A caregiver, sometimes referred to as a caretaker, refers to anyone who provides care for another person. Millions of people living in the United States take care of a friend or family member with Alzheimer’s disease or a related dementia. Sometimes caregivers live with the person or nearby, other times they live far away. For many families, caring for a person with dementia isn’t just one person’s job, but the role of many people who share tasks and responsibilities. No matter what kind of caregiver you are, taking care of another person can be overwhelming at times. These tips and suggestions may help with everyday care and tasks.
Early on in Alzheimer’s and related dementias, people experience changes in thinking, remembering, and reasoning in a way that affects daily life and activities. Eventually, people with these diseases will need more help with simple, everyday tasks. This may include bathing, grooming, and dressing. It may be upsetting to the person to need help with such personal activities. Here are a few tips to consider early on and as the disease progresses:
Communication can be hard for people with Alzheimer’s and related dementias because they have trouble remembering things. They also can become agitated and anxious, even angry. In some forms of dementia, language abilities are affected such that people have trouble finding the right words or have difficulty speaking. You may feel frustrated or impatient, but it is important to understand that the disease is causing the change in communication skills. To help make communication easier, you can:
Eating healthy and staying active is good for everyone and is especially important for people with Alzheimer’s and related dementias. As the disease progresses, finding ways for the person to eat healthy foods and stay active may be increasingly challenging. Here are some tips that may help:
As a caregiver or family member to a person with Alzheimer’s or related dementias, you can take steps to make the home a safer place. Removing hazards and adding safety features around the home can help give the person more freedom to move around independently and safely. Try these tips:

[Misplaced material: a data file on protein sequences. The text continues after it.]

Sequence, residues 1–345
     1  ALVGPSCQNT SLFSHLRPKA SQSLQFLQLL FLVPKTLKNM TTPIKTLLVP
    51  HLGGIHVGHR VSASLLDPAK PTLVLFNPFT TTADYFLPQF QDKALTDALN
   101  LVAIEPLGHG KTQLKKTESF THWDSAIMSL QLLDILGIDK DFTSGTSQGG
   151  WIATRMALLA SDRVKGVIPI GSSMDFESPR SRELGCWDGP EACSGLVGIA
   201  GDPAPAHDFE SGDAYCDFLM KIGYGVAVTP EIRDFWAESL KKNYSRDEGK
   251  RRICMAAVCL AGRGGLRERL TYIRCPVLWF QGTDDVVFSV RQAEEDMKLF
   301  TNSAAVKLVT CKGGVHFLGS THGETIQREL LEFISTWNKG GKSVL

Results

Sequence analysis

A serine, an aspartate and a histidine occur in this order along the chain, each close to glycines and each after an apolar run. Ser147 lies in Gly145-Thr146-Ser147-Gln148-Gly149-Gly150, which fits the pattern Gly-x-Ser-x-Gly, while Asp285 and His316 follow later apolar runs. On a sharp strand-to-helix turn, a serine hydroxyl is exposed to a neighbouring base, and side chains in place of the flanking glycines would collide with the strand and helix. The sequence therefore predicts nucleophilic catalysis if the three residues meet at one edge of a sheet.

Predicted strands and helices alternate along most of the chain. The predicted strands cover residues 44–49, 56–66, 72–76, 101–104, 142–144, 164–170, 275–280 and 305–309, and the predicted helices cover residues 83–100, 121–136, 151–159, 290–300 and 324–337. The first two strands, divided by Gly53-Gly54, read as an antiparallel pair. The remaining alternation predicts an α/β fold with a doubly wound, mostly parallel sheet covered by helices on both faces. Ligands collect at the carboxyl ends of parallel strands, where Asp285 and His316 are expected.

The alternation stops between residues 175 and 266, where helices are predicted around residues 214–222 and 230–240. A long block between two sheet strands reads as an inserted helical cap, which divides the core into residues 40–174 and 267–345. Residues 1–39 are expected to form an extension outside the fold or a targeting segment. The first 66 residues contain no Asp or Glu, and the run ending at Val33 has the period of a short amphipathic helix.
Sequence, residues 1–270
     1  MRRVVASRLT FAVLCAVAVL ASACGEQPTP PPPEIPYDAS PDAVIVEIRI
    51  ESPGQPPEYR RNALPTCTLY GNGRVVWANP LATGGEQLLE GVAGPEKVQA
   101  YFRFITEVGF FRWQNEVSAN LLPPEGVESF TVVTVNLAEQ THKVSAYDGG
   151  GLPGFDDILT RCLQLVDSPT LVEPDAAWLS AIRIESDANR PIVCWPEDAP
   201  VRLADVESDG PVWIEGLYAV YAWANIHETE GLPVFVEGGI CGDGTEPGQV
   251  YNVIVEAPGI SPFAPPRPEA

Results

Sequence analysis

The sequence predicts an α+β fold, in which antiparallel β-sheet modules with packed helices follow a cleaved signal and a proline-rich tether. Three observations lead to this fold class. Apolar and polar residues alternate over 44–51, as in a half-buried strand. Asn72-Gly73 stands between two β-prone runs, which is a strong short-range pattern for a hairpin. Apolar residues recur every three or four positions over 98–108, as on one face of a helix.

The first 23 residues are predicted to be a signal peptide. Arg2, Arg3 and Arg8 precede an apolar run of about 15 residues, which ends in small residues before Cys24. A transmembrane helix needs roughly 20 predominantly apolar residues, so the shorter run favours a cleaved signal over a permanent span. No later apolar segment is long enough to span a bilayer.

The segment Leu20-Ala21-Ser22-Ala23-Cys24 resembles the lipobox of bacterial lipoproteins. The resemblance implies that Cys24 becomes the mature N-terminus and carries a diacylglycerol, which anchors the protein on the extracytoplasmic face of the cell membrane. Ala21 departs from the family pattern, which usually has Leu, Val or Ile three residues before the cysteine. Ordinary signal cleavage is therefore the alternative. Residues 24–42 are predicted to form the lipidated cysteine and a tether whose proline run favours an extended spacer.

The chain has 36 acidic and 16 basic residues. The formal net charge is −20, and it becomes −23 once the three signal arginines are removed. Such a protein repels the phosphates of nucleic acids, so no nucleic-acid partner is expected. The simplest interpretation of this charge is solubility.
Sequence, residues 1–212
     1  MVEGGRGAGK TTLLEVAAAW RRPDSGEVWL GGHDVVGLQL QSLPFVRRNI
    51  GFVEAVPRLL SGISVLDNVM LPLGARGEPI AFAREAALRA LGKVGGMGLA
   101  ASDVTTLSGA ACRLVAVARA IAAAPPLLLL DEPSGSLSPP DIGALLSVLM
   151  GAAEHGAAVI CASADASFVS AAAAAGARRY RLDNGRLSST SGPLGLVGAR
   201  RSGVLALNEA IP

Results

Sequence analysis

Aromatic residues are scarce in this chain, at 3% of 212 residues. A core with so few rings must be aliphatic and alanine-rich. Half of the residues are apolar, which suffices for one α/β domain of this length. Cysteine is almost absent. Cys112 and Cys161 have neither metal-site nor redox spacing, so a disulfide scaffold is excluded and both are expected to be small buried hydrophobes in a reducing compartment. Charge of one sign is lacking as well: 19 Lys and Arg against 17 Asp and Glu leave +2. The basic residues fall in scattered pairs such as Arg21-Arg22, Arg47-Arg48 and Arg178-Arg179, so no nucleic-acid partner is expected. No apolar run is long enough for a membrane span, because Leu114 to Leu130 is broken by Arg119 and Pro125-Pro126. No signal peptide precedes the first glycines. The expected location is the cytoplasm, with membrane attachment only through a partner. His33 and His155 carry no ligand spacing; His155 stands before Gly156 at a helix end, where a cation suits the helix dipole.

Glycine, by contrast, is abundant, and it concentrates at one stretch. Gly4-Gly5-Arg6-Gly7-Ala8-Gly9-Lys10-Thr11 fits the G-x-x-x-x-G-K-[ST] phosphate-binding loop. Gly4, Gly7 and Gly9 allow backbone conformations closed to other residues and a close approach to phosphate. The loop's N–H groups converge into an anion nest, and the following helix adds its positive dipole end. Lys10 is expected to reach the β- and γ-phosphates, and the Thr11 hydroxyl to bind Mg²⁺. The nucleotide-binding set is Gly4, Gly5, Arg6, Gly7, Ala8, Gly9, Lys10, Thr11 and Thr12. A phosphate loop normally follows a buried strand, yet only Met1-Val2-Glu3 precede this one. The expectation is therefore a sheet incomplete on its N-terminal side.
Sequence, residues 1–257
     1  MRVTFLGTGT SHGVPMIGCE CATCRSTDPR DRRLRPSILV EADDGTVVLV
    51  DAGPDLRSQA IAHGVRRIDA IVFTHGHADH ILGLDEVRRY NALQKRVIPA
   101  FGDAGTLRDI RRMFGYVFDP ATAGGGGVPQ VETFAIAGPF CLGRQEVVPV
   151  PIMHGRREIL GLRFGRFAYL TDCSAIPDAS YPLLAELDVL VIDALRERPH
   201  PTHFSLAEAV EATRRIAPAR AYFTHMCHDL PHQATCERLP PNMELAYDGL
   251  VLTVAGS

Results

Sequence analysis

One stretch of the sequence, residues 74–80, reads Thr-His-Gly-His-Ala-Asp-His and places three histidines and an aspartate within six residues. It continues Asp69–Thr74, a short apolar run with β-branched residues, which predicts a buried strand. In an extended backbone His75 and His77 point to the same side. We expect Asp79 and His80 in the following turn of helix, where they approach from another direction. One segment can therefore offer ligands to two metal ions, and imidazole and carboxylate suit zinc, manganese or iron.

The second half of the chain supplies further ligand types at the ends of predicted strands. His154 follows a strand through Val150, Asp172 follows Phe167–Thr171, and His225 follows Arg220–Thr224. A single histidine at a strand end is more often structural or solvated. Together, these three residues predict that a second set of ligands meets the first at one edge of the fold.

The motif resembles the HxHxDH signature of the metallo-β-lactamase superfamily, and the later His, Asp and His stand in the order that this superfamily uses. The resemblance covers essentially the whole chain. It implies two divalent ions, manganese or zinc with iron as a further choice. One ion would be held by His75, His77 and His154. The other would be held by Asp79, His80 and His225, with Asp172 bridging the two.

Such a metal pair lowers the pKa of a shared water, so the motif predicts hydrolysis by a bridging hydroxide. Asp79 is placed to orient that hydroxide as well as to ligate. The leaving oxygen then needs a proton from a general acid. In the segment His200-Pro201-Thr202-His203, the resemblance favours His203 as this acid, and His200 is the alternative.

The National Institute on Aging funds Alzheimer's Disease Research Centers across the U.S. that offer support groups and programs for people with dementia and their families.
Being a caregiver can be extremely rewarding, but it can also be overwhelming. Caring for a person with Alzheimer's or a related dementia takes time and effort. It can feel lonely and frustrating. You might even feel angry, which could be a sign you are trying to take on too much. It is important to find time to take care of yourself. Here are some tips that may offer some relief:
Read and share this infographic from NIA to help spread the word about caring for yourself while caring for others.
Making health care decisions for someone who is no longer able to do so can be overwhelming. That’s why it is important to plan health care directives in advance. To help plan for the future, you can:
Learning about your loved one’s disease will help you know what to expect as the dementia progresses and what you can do.
What steps can you take now to prepare for health care, finance, long-term care, and end-of-life decisions?
Explore the resources on this website and linked below to find more information from federal government agencies.
Learn how to respond to changes in communication and behavior, provide everyday care, and get help when needed.
Explore free publications from NIA on Alzheimer’s and related dementias, caregiving, and healthy aging. Also available in Spanish.
Use this free public service by searching online or calling toll-free to get connected to services in your community.
Learn about caregivers in the United States, the impact of providing care, and how to develop a care plan. Also available in Spanish.
Read about the responsibilities of caregiving and avenues for getting help, and find links to information on specific care topics. Also available in Spanish.
Get free publications from NINDS on dementia. Also available in Spanish.
Find a support line, caregiver support coordinator, programs specific to caregivers of veterans, and other resources such as self-care activities and tips and tools. Also available in Spanish.
The Alzheimer’s & related Dementias Education & Referral (ADEAR) Center is a service of the National Institute on Aging at the National Institutes of Health. Call 800-438-4380 or email email@example.com to talk with an information specialist.
This content is provided by the National Institute on Aging (NIA), part of the National Institutes of Health. NIA scientists and other experts review this content to ensure it is accurate and up to date.